The music of the networks

The lines that separate human cultures exist only in our minds. Science, art, and philosophy can contribute to one another with inspiration and insight. This is how our recent paper was born.

Go to the profile of Marco A. R. Mello
Oct 14, 2019
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A harpsichord concert has the power of transporting you to a dream dimension.

During a conference dinner in Brazil in 2014, right before playing, the harpsichordist lectured us on “the music of the spheres." This ancient Greek theory proposes a relationship between planet orbits and musical harmony. Art and philosophy, in harmony, made my mind wander. It was like a dream of spheres rotating on different colorful axes. A vision of species entangled in a web of life woven by ecological interactions.

Figure 1: the music of the spheres, Renaissance engraving. Source: Wikimedia Commons.

Recent developments in network science allowed my colleagues and I to translate this “music of the networks” into our paper on multilayered interactions in Oikos in 2016. Mammals and plants were bound together in a dual relationship of seed dispersal and destruction. Mutualism and antagonism. Positive and negative.

Figure 2: the music of the networks: seed dispersal (blue) and destruction (red) by small mammals (orange) feeding on plants (green) in an urban park in Brazil. Graph re-drawn using the same data as in Genrich et al. (2017, Oikos), available on the Interaction Web Database.

Despite its beauty, this duality proved to be an illusion. A seed predator can turn into a seed disperser or the other way around. Rodents are not always the bad guys, and marsupials, the good guys. It shows that labels attributed to species mean little compared to the wealth of information gained by focusing on the interactions.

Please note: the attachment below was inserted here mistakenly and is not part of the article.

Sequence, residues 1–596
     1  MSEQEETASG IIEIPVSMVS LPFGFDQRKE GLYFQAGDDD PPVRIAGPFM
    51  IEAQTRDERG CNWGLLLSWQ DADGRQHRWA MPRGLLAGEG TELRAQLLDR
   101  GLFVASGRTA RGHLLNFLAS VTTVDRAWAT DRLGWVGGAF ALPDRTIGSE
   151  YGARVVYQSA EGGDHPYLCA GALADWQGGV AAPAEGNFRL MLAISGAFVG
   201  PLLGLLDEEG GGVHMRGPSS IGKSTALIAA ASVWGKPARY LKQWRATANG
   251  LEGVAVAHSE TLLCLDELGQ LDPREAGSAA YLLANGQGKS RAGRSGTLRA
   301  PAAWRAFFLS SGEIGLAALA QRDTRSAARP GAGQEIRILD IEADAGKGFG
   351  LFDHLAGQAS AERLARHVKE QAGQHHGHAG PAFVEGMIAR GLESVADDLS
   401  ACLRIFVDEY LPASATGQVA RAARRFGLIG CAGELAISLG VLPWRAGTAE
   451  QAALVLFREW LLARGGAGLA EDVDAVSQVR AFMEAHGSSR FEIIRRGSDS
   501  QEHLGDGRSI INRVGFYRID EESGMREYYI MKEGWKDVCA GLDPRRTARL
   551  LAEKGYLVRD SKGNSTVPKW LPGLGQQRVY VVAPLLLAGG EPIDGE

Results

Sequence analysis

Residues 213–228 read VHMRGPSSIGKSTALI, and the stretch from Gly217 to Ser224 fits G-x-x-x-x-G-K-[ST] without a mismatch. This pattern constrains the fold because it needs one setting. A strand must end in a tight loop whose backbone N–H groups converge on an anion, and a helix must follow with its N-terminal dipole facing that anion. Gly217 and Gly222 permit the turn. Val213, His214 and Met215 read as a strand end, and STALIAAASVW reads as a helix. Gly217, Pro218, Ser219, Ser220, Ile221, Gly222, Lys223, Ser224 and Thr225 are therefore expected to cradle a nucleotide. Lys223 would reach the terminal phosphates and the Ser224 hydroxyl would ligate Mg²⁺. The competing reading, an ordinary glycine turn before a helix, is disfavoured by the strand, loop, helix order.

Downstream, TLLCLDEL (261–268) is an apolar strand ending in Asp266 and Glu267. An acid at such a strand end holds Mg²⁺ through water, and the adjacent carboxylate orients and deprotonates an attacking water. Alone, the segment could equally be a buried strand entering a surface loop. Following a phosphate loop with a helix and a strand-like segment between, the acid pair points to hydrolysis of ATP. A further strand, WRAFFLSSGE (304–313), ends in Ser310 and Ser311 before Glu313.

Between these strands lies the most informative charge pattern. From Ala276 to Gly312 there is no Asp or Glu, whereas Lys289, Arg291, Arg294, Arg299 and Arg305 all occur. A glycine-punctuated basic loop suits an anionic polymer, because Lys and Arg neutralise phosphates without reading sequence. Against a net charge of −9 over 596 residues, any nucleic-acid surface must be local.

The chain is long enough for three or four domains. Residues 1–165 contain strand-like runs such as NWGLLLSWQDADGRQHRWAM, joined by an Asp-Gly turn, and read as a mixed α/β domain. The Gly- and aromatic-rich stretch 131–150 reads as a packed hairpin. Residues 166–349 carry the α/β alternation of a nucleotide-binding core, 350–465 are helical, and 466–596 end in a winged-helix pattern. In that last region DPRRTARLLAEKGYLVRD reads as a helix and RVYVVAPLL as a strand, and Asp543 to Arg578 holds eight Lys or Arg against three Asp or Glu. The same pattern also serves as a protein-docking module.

Looking at interaction networks from this new perspective, later in 2016, during a conference lunch in South Africa, we took the first step that led us to our paper published in Nature Ecology and Evolution. We faced constraints related to the food items we could eat at lunch, such as the meat vs. pasta dilemma. Many bats also face constraints associated with feeding on fruits or nectar. It is another kind of duality at a much larger spatial scale: the entire Neotropics.

Figure 3: the music of vast networks: bats (orange) feeding on the fruits (blue), flowers (yellow), or both (purple) resources from plants (green) in the Neotropics. Graph re-drawn using the same data as in Mello et al. (2019, NatEcoEvo), available in the paper’s supplement.

What we found was a vast network whose parts do not resemble the whole. In other words, a compound structure assembled by different processes, from evolutionary constraints to functional morphology. In this compound structure, what happens in one layer echoes in the other. If a bat gets really good at living off fruits, it probably cannot consume nectar as efficiently. It depends mostly on the type of skull it has. The skull determines which bats form the core or the periphery of the network, and which bats become bridges between layers. 

Figure 4: the hierarchical assembly of a continent-wide, multilayer network of bats and plants.

Bridges should also be built between topics and disciplines. For instance, the duality between frugivory and nectarivory is another illusion. Frugivores and nectarivores, as well as seed dispersers and destroyers, are possibilities in a continuum of interaction scenarios. They belong to the same symphony. 

The music of the networks is helping us achieve theoretical harmony. The borders between disciplines seem to be as illusionary as the borders between interaction types. So, the dream of building integrative theories may be more feasible than we usually imagine.


Acknowledgments: Regina Alonso kindly made a critical reading of an earlier version of this post.

(Poster image by Marco Tschapka)

Go to the profile of Marco A. R. Mello

Marco A. R. Mello

Associate Professor, University of São Paulo

I am a Brazilian biologist with a Ph.D. in ecology, worked as an associate researcher at Ulm University, Germany, and currently work as an associate professor at the University of São Paulo, Brazil. My research focuses on ecological synthesis. In other words, I aim to help connect the dots between data and ideas. My primary goal is to unveil the assembly rules of ecological systems formed by species interactions. I also have a strong commitment to training young scientists and popularizing scientific knowledge.

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